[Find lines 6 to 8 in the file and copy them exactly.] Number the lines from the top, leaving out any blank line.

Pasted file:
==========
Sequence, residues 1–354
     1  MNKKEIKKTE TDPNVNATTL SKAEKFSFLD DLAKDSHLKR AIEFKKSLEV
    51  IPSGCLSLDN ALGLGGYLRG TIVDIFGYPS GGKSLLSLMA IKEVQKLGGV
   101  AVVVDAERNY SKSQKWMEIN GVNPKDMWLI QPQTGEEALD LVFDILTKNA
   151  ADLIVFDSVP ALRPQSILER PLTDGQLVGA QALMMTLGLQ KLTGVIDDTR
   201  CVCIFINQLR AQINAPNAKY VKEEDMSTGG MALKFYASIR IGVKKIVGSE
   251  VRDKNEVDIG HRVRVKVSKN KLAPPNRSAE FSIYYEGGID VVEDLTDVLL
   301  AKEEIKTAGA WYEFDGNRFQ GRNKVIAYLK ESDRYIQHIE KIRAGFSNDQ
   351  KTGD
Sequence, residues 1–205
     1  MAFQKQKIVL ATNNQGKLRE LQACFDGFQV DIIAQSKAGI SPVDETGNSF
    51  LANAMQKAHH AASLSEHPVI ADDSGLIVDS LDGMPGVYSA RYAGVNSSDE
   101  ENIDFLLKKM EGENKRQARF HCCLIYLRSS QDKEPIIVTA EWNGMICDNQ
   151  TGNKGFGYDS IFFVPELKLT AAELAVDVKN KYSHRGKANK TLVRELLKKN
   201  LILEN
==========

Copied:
   201  CVCIFINQLR AQINAPNAKY VKEEDMSTGG MALKFYASIR IGVKKIVGSE
   251  VRDKNEVDIG HRVRVKVSKN KLAPPNRSAE FSIYYEGGID VVEDLTDVLL
   301  AKEEIKTAGA WYEFDGNRFQ GRNKVIAYLK ESDRYIQHIE KIRAGFSNDQ